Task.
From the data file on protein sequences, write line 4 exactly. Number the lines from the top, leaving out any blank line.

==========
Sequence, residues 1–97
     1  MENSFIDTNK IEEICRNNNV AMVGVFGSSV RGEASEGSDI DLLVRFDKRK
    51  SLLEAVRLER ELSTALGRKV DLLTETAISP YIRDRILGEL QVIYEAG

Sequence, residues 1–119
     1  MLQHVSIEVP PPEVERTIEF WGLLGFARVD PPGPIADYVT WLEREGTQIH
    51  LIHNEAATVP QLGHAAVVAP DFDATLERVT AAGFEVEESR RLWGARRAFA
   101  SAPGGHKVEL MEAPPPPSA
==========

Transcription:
Sequence, residues 1–119